Some of these best practices are summarized below:

  • The business owner needs to carry out data classification
  • The business owner should maintain a whitelist of acceptable cloud services providers
  • The business owner shares with the Cloud Services Provider its data classification and its requirement of Cloud Service Model for confirmation and evaluation
  • If the CSP approve the protection level of data, the business owner will grant the access to its database
  • The business owner needs to demand the requirements, SLAs (Service Level Agreement), for functionality and security. If all is approved by the CSP the business owner can transfer the contract to be approved by the IT (Information Technology) and Legal Team
  • The IT department performs the risk assessments on the chosen CSP (Cloud Service Provider)

Finally, another important consideration to evaluate is which CODEC will be used by the film archives to convert its analog film catalog to digital. It is important to use a CODEC that allows the new digital media file to be readable by different media formats at any time. In other words it will allow the archiver to secure the future of the film content. With this in mind, SMPTE (Society of Motion Picture and Television Engineers) has developed the media file MXF (Material eXchange Format) [13]. This file is a container format that encapsulates audio and video aiming to offer interoperability between different media formats. The MXF media file has a file extension the designation .mxf and this file can be converted to any other video format. MXF file main features are described below:

Table 4 SMPE MXF File Main Features

MXF File Features
Support Audio+Video+additional metadata
Support 2 channels of 48K audio
Support File Size greater than 2Gb
Support 12 hours ofthe media file

The FDGI (Federal Agencies Digitization Guidelines Initiative) and AMWA (Advanced Media Workflow Association) have published the AS-07 specification document to provide higher QoE/QoS for audio and video, while using MXF file format to create archive master files (preservation master file) for film archives [15]. This document provides additional guidance on MXF file with an extra view on the side of metadata. This specification is truly an important document while designing the process of digitizing a film catalog.

3.3 Film Preservation Workflow Over 5G

Restoration and preservation are two interrelated actions that ensure that artistic works created in the field of a film are not lost or prevented from passing to the next generations. As noted at the beginning of this chapter, in order to create an optimal workflow to handle the film preservation over 5G Networks, the main services to consider are:

  • Medium – Archival Disk (Sony)/Nex Gen of Optical Disks
  • The type of Cloud Services Orchestration – Hybrid (Community + Private)
  • DRP (Disaster Recovery Plan)
  • BCP (Backup Plan)
  • MXF file

The next picture proposes the service orchestration for film preservation over 5G Networks and shows its entire lifecycle:

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Figure 3 Film Preservation Workflow Over 5G End-2-End.

(I) The first step of the film preservation process is a technical diagnosis of the visual material to assess its condition. A specialized team analyzes the film stock taking into consideration its current physical state, the type of stock and the level of deterioration and decides whether the film requires restoring or not. In the case that it does not, it proceeds directly to the third stage of film shelve (III). In the case that it does, it proceeds first to the restoration stage (II). The restoration of a film relies on complex manual techniques, requires special tools and chemical processes and can vary in length in accordance with the needs and complexities of the material to be restored. Once the material completes the restoration process, it also moves to the shelve (III) where a set of IoT sensors will monitor optimum Temperature and RH. The film after storage is ready for immediate conversion into digital format (IV) a process called telecine. With the new technology of today, in many occasions, it is possible to restore a film and convert into a 4K format, which opens up a new perspective for the recovery of collections in even more enhanced quality.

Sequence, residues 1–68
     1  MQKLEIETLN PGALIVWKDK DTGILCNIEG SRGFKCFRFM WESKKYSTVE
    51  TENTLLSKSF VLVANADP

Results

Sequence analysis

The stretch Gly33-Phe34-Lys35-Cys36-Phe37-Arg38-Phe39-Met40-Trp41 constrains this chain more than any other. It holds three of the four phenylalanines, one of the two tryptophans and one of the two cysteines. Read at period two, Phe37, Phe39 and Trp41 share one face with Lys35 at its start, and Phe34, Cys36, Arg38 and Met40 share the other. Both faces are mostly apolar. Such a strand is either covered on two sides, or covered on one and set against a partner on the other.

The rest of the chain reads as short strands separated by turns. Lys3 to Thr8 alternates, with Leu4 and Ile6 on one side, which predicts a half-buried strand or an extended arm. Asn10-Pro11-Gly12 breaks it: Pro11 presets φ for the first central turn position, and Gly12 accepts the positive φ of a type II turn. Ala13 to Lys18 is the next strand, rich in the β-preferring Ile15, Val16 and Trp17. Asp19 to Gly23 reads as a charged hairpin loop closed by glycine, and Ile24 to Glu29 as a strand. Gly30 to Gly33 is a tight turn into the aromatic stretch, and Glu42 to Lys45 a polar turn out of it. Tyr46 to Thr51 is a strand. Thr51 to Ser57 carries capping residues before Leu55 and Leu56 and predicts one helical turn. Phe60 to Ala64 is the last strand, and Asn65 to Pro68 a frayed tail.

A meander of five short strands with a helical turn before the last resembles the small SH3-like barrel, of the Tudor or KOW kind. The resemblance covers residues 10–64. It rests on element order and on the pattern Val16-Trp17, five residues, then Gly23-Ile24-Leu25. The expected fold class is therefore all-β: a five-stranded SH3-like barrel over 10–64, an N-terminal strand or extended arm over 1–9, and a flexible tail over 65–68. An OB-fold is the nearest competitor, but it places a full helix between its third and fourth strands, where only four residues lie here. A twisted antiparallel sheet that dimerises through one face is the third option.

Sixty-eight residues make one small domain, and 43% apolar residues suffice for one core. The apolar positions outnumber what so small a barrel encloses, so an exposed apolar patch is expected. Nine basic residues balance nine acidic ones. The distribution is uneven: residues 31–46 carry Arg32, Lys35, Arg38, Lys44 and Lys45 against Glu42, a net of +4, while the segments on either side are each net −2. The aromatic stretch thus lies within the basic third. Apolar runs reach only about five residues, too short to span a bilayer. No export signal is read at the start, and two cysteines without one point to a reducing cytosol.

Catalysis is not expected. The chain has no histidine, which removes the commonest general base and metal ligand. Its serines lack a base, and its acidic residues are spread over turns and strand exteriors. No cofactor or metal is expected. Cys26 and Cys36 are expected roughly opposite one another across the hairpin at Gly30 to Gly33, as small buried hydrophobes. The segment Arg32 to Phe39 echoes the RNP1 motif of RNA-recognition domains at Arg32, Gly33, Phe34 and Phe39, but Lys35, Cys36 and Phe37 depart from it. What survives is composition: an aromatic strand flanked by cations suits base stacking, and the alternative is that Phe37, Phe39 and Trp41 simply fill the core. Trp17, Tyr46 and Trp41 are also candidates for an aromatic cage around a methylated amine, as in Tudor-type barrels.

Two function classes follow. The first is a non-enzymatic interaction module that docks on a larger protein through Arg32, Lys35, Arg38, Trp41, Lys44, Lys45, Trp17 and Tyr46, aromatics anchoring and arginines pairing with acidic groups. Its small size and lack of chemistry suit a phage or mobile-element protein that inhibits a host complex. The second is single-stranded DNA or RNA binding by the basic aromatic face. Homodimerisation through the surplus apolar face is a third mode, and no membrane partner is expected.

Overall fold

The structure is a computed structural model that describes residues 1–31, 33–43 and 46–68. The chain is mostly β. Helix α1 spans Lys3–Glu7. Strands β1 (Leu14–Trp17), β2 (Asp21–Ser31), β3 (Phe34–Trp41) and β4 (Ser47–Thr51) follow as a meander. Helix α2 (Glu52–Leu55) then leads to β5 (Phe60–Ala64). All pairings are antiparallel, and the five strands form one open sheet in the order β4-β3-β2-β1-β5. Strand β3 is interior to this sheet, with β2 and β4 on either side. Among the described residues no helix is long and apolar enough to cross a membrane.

(V) During the fifth step of the process, the digitized film copy will be indexed, this time using video AI, or other personalized recommendation algorithm solutions such as semantic algorithms [16], which are commercially available on the market. Both solutions will aim to carry out analysis on the digital film content to provide film identification and enhance its discoverability in the digital film catalog. Following, the digital film will receive a digital watermark (VI) to add data integrity and authenticity, and will then be encoded into an MXF file (VII). The MXF file will be stored in a Digital Storage (VIII) using Archival Disks or Next Generation of Optical Disks, which are due to be available in the market by 2020. At this stage, a disaster recovery plan will be created depending on the analysis of the CAPEX/OPEX by the film archiver strategist to offer a layer of security. Furthermore, the encoded film will be ready to be transmitted to the DR site using a scrambler (IX) to exchange files between sites. In case of non deploying a DR site a copy of the digital film will be sent to the CSP using RESTful API over 5G (X). The following picture provides a zoom in the stage (VIII) to (X) presented on the previous picture to highlight what happens when the digitized film is transferred over 5G Network to a Cloud Service Provider.